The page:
The terrifying kidnap continued, with various stops along the way.
“He pulled over into this layby and I remember seeing a woman and thinking please help me. He turned around and started punching me, he was constantly punching me.”
She says desperate pleas for emergency hospital care fell on deaf ears. Instead brazen Martin began driving her around to various houses as she lay injured with her bleeding leg wrapped in his jacket. But each time they saw people, he would make up ‘a big story’ that the pair of them had been ‘robbed by a gang’.
“I kept going in and out of consciousness because of how much blood I was losing and because I’d been hit,” she continues.
“I knew he had a knife up his sleeve and he’d put it down the side of my door. He said: ‘You say anything to anyone and I’ll kill you straight away’.
Asked where she was taken, she replies: “Everywhere, everywhere. All over Birmingham.”
He then dragged her into a final address where he took her clothes off, put her in the bath and redressed her in his boxer shorts and a t-shirt.
She adds: “He kept taking drugs, dragging me into the kitchen, making me sit on this chair. He kept tapping my cheeks with the knife saying I’ve got to answer his questions – and if I answer them right, I can see my kids, answer them wrong, you’re gone.
“I said: ‘I’m not with anyone, I promise’. He kept punching me. It was going on like that all through the night. He kept flickering the lights, constantly.
“The whole time there was a house phone next to me, but I couldn’t do anything. He had that knife all the time, he didn’t leave that knife.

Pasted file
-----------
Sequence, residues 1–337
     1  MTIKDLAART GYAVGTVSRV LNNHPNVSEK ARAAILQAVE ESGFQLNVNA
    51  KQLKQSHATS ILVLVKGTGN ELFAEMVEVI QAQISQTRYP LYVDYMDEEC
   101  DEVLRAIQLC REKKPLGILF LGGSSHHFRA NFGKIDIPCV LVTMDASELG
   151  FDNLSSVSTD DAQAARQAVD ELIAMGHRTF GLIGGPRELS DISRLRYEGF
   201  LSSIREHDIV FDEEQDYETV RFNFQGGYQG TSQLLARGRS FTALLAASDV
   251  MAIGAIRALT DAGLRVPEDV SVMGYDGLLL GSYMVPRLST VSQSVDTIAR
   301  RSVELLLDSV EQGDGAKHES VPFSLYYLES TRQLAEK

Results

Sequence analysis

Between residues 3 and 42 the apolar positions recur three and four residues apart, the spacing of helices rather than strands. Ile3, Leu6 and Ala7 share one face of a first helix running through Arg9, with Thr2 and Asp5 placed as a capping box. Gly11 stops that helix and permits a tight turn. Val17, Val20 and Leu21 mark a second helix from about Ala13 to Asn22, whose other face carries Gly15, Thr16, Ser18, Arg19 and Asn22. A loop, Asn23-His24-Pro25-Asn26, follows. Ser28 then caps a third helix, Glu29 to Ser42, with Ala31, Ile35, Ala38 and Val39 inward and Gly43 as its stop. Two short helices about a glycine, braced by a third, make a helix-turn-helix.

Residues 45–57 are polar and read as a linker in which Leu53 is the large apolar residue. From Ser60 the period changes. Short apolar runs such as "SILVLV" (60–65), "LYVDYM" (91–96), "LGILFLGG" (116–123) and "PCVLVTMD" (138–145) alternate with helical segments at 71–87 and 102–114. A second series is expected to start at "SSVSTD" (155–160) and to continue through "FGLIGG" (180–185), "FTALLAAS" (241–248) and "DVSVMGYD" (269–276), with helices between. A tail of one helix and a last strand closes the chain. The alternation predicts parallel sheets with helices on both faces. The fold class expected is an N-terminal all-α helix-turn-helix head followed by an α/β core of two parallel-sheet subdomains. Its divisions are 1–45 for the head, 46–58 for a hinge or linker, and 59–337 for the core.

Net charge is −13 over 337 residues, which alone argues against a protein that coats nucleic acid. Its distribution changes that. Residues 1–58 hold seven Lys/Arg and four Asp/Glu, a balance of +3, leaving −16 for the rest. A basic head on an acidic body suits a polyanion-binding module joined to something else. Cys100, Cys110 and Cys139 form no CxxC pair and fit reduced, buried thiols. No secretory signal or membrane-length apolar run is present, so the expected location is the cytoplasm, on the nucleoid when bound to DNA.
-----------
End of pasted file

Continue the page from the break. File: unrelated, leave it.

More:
“All I kept thinking was: ‘I’m never going to see my kids again’. One minute he was my friend, the next, he wasn’t.”
Martin proceeded to tell her he loved her as he stated various terms she had to agree with.
“I had to pretend I loved him and I was going to be with him. I had to agree with the terms he said,” she said. They included answering his phone calls ‘within so many rings’, telling him where she was, what she’s doing and who with. He then proposed a plan to drive away to Weston together.
He would take her home to get her clothes and they would meet back up at 4pm. Terrified, she agreed. The mum recalls: “I was in a t-shirt and boxer shorts full of blood. I called the police the second I got to my mum’s.”
Still driving around in the Volkswagen he kidnapped her in, Martin went on the run – inflicting a reign of terror on lone women and members of the public.
For the mum, the nightmare continued as she was moved from hotel to hotel alongside police. Amid the major manhunt to find Martin, police were recording every threatening phone call she received.
“He was constantly calling me, telling me what he was going to do to me, what he was going to do to my kids,” she recalls. “Police were bringing up pictures to me all the time asking me to identify him. I kept saying: ‘What is he doing to people?'”
She wasn’t told and had no idea of the devastation he was causing with victims across the city – including smashing a woman over the head with a beer bottle and threatening to stab a mum.
She adds: “My leg was really, really bad. It kept getting infected. The knife had gone through the muscle of my leg, it kept trying to pop out and kept breaking the stitches.
“There’s no feelings there whatsoever. Some days it’s numb, it’s like a rubbery feeling, it’s horrible.”
Martin was finally caught after police asked her to identify a photo taken just 20 minutes before. His crime spree ended when he was arrested on September 14.
Asked how she felt at the sentencing, she says: “It’s just been a nightmare, I’ve had to move house and move areas. He’s going to get out again. I feel scared he’s going to come after me again.
“I’m constantly checking my car, constantly checking the boot. I take the parcel shelf down.
“I have moments where I’m alright and moments where I’m just scared. My mood is high and low, then all over the place. Every day, all the time I’m thinking of it anyway. But since the court case , I can’t get it out of my head.”